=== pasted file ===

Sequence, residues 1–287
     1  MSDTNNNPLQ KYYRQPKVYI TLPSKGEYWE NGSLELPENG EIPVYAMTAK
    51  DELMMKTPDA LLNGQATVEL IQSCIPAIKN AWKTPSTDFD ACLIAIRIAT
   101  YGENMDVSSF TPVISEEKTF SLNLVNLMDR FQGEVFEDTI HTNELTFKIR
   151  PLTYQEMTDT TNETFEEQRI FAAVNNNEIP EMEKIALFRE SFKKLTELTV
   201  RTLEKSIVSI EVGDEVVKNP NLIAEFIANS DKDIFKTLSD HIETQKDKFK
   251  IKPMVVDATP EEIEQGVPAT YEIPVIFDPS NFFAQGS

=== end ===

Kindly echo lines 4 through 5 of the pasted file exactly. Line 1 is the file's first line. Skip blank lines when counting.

   101  YGENMDVSSF TPVISEEKTF SLNLVNLMDR FQGEVFEDTI HTNELTFKIR
   151  PLTYQEMTDT TNETFEEQRI FAAVNNNEIP EMEKIALFRE SFKKLTELTV